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Doug Robinson: Kaepernick the future of NFL QBs

Published: Wednesday, Jan. 30 2013 12:10 a.m. MST

San Francisco 49ers quarterback Colin Kaepernick is surrounded by reporters during media day for the NFL Super Bowl XLVII football game Tuesday, Jan. 29, 2013, in New Orleans. (AP Photo/Charlie Riedel)

Associated Press

OK, I'm a believer.

I might be premature in this pronouncement, but Colin Kaepernick is the next evolutionary step in quarterbacks.

From Sammy Baugh to Johnny U. to Peyton Manning to Kaepernick (OK, I could be skipping a few steps).

Even if he crashes and burns in Sunday's Super Bowl, we've seen the future, and it's a linebacker-sized, tattoo-and-cannon-armed sprinter who talks trash, runs like a quarter-miler, throws like Bert Jones and could probably play most positions on the field. In other words, he's a real football player, which has hardly been the case for generations of quarterbacks.

Maybe you didn't like the way Jim Harbaugh, the 49ers' cocky head coach, put Kaepernick in the lineup, benching Alex Smith when he deserved better. But no one can argue with the kid's game.

He's Dan Marino, with legs – he'd leave Cam Newton and Tim Tebow in his dust with his 4.4 speed.

He's Michael Vick, with a brain – he can read defenses and throw from the pocket and doesn't suffer from the dreaded run-first, happy-feet syndrome.

He's what Newton could be.

He's what Vick could have been.

He's what Tim Tebow was supposed to be.

He's what Russell Wilson is close to being.

He's what Robert Griffin III will be if he returns from injury.

He's Steve Young, with size – 6-foot-41/2, 230 pounds – and a howitzer arm.

At the 2011 NFL combine, it was reported that Kaepernick had the strongest arm among the 16 quarterbacks present, with throws registering 59 miles per hour. He can throw a baseball 95 miles per hour, which is why he was drafted by the Chicago Cubs. One former receiver claims Kaepernick's throws tore his gloves. Randy Moss claims his passes knocked a finger out of joint. Tight end Vernon Davis asked him to take something off his throws.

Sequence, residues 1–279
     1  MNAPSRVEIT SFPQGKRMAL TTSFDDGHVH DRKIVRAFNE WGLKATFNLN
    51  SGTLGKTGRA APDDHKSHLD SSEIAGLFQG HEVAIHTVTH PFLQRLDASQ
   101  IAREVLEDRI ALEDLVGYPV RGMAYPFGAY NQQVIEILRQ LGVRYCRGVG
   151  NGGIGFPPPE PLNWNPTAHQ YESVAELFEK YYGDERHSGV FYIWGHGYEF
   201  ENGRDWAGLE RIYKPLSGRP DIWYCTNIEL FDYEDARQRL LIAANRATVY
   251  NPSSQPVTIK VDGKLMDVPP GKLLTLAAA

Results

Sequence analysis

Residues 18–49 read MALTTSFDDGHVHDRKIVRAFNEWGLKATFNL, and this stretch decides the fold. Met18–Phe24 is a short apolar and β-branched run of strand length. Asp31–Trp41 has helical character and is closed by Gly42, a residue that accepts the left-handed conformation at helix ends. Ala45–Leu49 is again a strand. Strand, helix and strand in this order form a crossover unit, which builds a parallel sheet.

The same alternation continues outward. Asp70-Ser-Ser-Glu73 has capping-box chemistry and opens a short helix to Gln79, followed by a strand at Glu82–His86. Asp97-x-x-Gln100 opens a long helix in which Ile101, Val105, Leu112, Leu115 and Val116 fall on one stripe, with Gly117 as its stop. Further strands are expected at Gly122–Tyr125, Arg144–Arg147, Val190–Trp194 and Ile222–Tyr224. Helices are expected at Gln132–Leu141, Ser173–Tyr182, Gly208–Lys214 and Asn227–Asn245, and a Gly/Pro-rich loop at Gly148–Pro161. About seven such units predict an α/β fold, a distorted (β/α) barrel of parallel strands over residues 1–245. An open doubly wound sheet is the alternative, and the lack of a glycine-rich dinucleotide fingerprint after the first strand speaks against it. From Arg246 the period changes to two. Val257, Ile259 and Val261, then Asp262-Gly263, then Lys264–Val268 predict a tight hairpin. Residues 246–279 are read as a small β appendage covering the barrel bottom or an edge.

Kaepernick can stand in the pocket and deliver passes. He can run the read option. He can scramble and find receivers on the run. He can run over defenders. He can throw underneath. He can throw over the top. He can go through his progressions. He can see the field. He can run and pass equally well, but doesn't play with the run-first mentality that retarded Vick's development.

In 10 regular season games he rushed for 415 yards and passed for 1,814 yards. In one of the best performances ever delivered by a quarterback, he ran for 181 yards and passed for 263 against the Packers in the playoffs.

It would be understatement to note that the NFL's conservative notions of a quarterback are changing rapidly. For decades, the quarterback was one of the least athletic players on the field (Bart Starr, Johnny Unitas, Joe Namath, or, more recently, Brady, the Manning brothers, Phillip Rivers). They handed off the ball or stood in the pocket and passed, and that was it. They were statues, with arms. Now, a new generation of young, athletic quarterbacks has emerged – Kaepernick, Newton, Tebow, Griffin, Wilson, Aaron Rodgers, Andrew Luck – who can run or pass. Many of them are utilized like an extra running back on designed running plays, something no coach would have done only a decade or so ago.

So much for the theory that the spread offense and the read option can't succeed in the NFL. It was believed that NFL defenses were too fast and athletic for the college style of play and that it would expose quarterbacks to injury.

The spread offense has spread to the NFL game, clearing the way for the evolvement of the quarterback and the likes of Kaepernick, Wilson, Newton, Griffin and, at least for a season, Tebow. The advantage is obvious. Defenses must account for the running threat of the quarterback. On pass plays they can't drop as many defenders into coverage. On running plays, the offense has a numerical advantage in the box because the defense can no longer ignore the quarterback (and, too, the offense doesn't block the end on option plays – they "read" him – freeing an extra blocker). When Kaepernick saw the Packers' defensive end come flat down the line of scrimmage, he pulled the ball from the running back and ran around the end 56 yards for a touchdown.

Then again, it does have the anticipated hazard of exposing the quarterback to injury. Griffin suffered a serious knee injury, and Vick has suffered from the hits he has taken as a runner and a passer.

With his size and speed, Kaepernick seems almost invulnerable. On Sunday, the future of the game will be on full display.

email: drob@desnews.com

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